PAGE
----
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Monday, September 2, 2013
Kelly Barson, is a fabulous example of a young adult novel that entertains as well as teaches. Barson's novel would be of interest to anyone who lives in a crazy family, and, well, don't most of us?
The story of 17 year-old Ann's struggle to develop a healthier relationship with food, and with her mother, is told entirely through story and character. It is a complex and thought provoking story with a main character you don't want to leave at the end. Never once did the writing feel didactic.
The story centers on a middle class family, white, divorced, both parents remarried. ( As an aside, I mention these demographics because the origins of problems with food and eating vary with ethnicity. For example, anorexia and distorted body image is a problem not in black communities, but in middle class and upper middle class white communities, such as Ann's: White girls seem to be extraordinarily capable of internalizing anger and denying themselves the pleasures of food.)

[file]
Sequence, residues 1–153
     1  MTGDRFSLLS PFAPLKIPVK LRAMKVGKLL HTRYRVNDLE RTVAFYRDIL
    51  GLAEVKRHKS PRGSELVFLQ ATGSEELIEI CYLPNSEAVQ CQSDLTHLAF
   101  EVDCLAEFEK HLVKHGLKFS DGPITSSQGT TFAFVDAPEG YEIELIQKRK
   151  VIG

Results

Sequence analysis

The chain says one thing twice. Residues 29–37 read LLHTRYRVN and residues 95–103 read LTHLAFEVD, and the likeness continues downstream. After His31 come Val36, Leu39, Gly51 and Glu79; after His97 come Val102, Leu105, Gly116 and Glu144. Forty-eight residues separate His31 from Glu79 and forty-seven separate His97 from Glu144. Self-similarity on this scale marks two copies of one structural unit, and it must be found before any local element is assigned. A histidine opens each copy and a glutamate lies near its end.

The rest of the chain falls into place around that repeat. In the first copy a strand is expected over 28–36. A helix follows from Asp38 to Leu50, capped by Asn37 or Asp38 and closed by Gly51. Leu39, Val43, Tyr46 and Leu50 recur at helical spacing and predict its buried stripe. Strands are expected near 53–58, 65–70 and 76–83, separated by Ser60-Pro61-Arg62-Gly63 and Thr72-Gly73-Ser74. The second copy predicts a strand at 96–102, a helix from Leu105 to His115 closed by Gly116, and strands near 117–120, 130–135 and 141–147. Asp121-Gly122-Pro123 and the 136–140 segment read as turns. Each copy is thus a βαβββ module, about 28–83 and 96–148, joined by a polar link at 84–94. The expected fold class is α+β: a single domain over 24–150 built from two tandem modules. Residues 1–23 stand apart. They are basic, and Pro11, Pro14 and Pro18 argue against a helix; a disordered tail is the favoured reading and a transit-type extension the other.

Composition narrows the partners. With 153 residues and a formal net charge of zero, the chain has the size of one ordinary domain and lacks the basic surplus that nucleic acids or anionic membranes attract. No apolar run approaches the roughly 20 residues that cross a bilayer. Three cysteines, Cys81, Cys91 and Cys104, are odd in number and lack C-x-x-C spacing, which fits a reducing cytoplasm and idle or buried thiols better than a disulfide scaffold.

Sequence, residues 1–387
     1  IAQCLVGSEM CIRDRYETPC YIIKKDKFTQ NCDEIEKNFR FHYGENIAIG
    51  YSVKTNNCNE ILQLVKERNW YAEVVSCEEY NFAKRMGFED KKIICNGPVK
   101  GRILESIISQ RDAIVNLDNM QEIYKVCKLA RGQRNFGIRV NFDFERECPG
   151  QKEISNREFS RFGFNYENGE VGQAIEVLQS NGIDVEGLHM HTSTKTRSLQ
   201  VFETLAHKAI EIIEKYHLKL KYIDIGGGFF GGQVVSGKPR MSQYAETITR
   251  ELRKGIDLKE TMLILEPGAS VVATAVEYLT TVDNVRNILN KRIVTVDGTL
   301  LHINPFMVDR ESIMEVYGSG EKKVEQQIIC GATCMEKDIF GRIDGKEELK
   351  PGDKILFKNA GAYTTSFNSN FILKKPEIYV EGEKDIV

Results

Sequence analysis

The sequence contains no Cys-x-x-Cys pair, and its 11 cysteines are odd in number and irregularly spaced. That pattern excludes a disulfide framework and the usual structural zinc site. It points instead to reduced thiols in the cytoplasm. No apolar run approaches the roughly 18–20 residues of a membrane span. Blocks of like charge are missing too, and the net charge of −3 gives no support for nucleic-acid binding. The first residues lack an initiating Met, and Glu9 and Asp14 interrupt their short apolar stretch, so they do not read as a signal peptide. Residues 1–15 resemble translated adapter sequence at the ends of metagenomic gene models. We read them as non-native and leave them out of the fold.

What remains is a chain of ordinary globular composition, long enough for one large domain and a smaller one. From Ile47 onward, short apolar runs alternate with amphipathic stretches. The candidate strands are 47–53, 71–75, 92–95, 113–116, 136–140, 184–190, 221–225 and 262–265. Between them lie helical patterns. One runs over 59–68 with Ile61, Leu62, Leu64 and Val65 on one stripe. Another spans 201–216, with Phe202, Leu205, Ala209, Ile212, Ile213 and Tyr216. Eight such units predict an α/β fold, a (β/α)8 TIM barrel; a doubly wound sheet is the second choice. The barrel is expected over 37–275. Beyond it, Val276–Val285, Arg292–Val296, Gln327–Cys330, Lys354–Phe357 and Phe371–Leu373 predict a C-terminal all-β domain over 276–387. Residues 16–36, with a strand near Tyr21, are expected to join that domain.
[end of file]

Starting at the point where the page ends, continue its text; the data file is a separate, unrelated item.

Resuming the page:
Ann, the smart and funny main character, lives with her mother who has two young children with her new husband Mike. Ann feels like an outsider. Ann's mom's subtle use of food to control others and the psychological origins of her own anorectic eating is revealed in all its complexity. Her character helps us understand Ann's emotional turmoil and her own obsession with food.
What I enjoyed most about this book is Ann's evolving compassion and understanding of her mother. As Ann takes control of her own life, she teaches her mother a thing or two. Ann learns how to eat in moderation, lose weight, make new friends, exercise and even dance, which she has always been ashamed to do.
That change is possible is an important and believable lesson in 45 Pounds. For anyone interested, I found some practical and healthy how-to advice from blogger Andrea Chrysanthou on losing 45 pounds.